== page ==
St. Paul bank reaches new low-income customers in innovative ways

Minnesota State Roundup

Published July 1, 1997  | July 1997 issue

University National Bank in St. Paul has developed two programs designed to help low- and moderate-income neighborhood residents become comfortable with using a bank for their financial needs.

When Franklin Bancorp. purchased the bank two and a half years ago in a culturally diverse, economically stressed neighborhood, one of the first things management did was to also buy the check-cashing store down the street, move the service into their lobby and reduce the fee schedule. The goal was to get those check-cashing customers into the bank and eventually to open an account. Since that time, on average a new checking or savings account is opened each week, says David Reiling, the bank's business development officer. The bank also has made a few auto loans to these new customers. "It's all about breaking down the fear of banks, establishing relationships," Reiling says. "Our customers have traditionally functioned in the 'cash is king' world," he adds.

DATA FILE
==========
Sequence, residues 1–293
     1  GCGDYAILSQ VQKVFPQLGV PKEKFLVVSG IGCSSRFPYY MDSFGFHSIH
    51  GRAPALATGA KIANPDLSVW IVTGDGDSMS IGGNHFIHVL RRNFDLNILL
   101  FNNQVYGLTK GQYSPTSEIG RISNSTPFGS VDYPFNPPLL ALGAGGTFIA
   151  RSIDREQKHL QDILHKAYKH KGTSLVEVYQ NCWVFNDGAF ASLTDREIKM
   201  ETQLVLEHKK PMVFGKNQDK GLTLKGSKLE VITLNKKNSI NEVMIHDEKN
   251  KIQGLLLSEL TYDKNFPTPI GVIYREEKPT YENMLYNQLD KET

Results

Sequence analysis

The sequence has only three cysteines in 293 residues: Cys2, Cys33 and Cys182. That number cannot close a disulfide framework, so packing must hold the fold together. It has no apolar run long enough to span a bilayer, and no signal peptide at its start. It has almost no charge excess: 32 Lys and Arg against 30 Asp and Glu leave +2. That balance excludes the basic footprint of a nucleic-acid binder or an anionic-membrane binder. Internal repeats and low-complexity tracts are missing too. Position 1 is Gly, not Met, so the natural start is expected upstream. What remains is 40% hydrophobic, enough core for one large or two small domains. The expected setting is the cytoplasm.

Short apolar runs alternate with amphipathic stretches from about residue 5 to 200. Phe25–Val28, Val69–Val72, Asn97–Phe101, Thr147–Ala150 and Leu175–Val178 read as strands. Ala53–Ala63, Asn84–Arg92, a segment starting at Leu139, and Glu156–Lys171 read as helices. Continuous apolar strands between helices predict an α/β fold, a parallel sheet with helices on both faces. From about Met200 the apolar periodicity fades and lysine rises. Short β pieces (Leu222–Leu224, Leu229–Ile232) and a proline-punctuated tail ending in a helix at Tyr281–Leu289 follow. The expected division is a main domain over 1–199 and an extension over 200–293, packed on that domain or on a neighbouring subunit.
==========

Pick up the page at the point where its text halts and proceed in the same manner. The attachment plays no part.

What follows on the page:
The second program to create new customers is a pilot in cooperation with the community activist group ACORN. University National offers a new account with lower account service fees and lower overdraft charges, and at the same time ACORN counsels the accountholders on how to manage their financial affairs better.

"Our goal is to get more low- to moderate-income people into mainstream banking rather than having them use check cashing services," Reiling says. Since the accounts were first offered in May, the bank and ACORN have enrolled 25 to 30 people.

"We believe in second chances, but we don't believe in third chances," Reiling says. The bank expects the new customers, through counseling, to learn how to manage their finances, and then to "manage their money like everyone else." And those new bank accountholders who receive government benefits will be ready when the U.S. Treasury begins electronic delivery of all payments in January 1999.

Kathy Cobb